RELATIONSHIP CHALLENGES? Tired of endless relationship or marital challenges? Or single and sick of spending weekends and holidays alone? Join coed Intimacy Group, Single's Group or Women's Group to explore what’s blocking you from fulfillment in your relationships and life. Weekly, ongoing groups or 9-week groups starting the week of December 24, 2013. Mon, Tues, or Thurs evening. Space limited. Also, Individual and Couples sessions. Central San Rafael. For more information, call Renee Owen, LMFT#35255 at 415/453-8117.

Safe, successful MOTHERLESS DAUGHTERS SUPPORT GROUPS meet every other week for women who have lost their mothers in childhood, adolescence or adulthood through death, separation, illness, or estrangement. In a supportive environment, women address and explore relevant issues in their lives, current and past, including the many consequences of mother loss with opportunities for healing and integrating the loss, self-empowerment, and successful coping strategies. Facilitated for 14 years by Colleen Russell, LMFT (MFC29249), CGP (41715), whose mother’s death in adolescence was a pivotal event in her life. Individual, Couple, and Family Sessions also available. Contact Colleen at or 415/785-3513.

HypnoBirthing® Childbirth Classes A rewarding, relaxing and stress free method for birthing your baby. Experience the joy of birthing your baby in an easier and more comfortable manner. You will learn how to achieve a safer, easier and more comfortable birth. Five- 2-1/2 hour classes in which you learn how, through the power of your own mind, to create your body’s own natural relaxant and, with your birth companion, create a calm, serene and joyful birthing environment, whether at home, birth center or hospital. You CAN be relaxed during your labor and birth and give the gift of a gentle birth to your baby. NEW CLASSES STARTING SOON. Go to HypnoBirthing and then Class Registration & Information. THESE CLASSES MAKE A GREAT HOLIDAY OR BABY SHOWER GIFT. To include your seminar or workshop, call 415/485-6700 x 303.



Fictitious Name Statement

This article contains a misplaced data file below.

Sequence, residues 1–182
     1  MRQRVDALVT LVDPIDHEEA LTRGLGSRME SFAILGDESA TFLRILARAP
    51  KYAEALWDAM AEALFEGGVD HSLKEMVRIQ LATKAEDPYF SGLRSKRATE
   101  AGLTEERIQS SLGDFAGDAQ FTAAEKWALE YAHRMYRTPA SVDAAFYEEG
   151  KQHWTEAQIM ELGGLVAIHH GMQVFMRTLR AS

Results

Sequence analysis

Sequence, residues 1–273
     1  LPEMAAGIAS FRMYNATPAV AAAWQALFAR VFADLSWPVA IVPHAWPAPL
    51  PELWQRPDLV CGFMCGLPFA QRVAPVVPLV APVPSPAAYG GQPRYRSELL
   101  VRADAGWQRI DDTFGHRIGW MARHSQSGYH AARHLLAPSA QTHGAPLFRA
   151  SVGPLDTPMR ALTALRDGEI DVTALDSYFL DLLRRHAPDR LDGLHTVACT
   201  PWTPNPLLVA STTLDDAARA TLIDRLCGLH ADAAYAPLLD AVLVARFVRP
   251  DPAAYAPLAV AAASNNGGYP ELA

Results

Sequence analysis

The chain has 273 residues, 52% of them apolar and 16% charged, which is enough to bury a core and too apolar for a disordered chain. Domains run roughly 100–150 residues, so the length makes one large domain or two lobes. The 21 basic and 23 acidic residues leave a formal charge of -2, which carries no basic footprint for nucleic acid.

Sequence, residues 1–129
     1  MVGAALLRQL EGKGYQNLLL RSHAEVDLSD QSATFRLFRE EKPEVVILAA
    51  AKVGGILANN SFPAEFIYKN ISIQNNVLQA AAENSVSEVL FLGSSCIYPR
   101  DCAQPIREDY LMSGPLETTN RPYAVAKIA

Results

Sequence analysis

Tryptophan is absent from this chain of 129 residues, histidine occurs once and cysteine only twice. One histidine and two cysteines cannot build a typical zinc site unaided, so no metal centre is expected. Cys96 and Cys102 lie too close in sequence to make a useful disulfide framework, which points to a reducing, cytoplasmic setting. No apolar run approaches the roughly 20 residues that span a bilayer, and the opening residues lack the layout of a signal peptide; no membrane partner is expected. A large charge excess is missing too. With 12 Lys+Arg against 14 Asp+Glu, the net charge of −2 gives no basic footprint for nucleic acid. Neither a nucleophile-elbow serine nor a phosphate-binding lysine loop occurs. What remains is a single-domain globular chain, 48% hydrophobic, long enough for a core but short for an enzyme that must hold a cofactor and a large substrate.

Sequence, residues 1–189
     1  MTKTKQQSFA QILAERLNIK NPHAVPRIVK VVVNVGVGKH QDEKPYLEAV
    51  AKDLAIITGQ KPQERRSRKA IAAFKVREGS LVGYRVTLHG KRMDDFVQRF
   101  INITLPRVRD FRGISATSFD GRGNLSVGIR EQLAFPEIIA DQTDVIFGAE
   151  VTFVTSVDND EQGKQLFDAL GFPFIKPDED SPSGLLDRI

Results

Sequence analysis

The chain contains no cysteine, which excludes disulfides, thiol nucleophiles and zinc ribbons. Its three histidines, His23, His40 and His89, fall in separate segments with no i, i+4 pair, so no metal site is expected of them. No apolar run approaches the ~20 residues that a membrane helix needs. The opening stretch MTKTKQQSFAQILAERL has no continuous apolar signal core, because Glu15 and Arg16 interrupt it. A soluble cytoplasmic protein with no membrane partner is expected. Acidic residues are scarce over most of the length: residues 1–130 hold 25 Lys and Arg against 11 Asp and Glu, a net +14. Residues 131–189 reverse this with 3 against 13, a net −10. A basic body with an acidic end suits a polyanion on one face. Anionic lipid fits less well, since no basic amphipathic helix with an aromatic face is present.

FICTITIOUS BUSINESS NAME STATEMENT File No. 2013-133482 The following individual(s) is (are) doing business NGUYEN’S HAULING, 9 CHARLOTTE DRIVE #1, SAN RAFAEL, CA 94901: HAI THANH NGUYEN, 9 CHARLOTTE DRIVE #1, SAN RAFAEL, CA 94901. This business is being conducted by AN INDIVIDUAL. Registrant has not yet begun transacting business under the fictitious business name(s) listed herein. This statement was filed with the County Clerk-Recorder of Marin County on November 12, 2013. (Publication Dates: NOVEMBER 22, 29; December 6, 13, 2013) FICTITIOUS BUSINESS NAME STATEMENT File No. 133466 The following individual(s) is (are) doing business WASABIANCA WEB DEVELOPMENT AND DESIGN, 302 STARLING ROAD, MILL VALLEY, CA 94941: JANIS A. OBERMAN, 302 STARLING ROAD, MILL VALLEY, CA 94941. This business is being conducted by AN INDIVIDUAL. Registrant has not yet begun transacting business under the fictitious business name(s) listed herein. This statement was filed with the County Clerk-Recorder of Marin County on November 7, 2013. (Publication Dates: NOVEMBER 22, 29; December 6, 13, 2013) FICTITIOUS BUSINESS NAME STATEMENT File No. 2013133510 The following individual(s) is (are) doing business BEAUPRE COACHING, 800 VIA ESCONDIDA, NOVATO, CA 94949: PAT BEAUPRE BECKER, 800 VIA ESCONDIDA, NOVATO, CA 94949. This business is being conducted by AN INDIVIDUAL. Registrant has not yet begun transacting business under the fictitious business name(s) listed herein. This statement was filed with the County ClerkRecorder of Marin County on November 14, 2013. (Publication Dates: NOVEMBER 22, 29; December 6, 13, 2013) FICTITIOUS BUSINESS NAME STATEMENT File No. 2013133380 The following individual(s) is (are) doing business COURSE PUBLISHING, 1220 SIR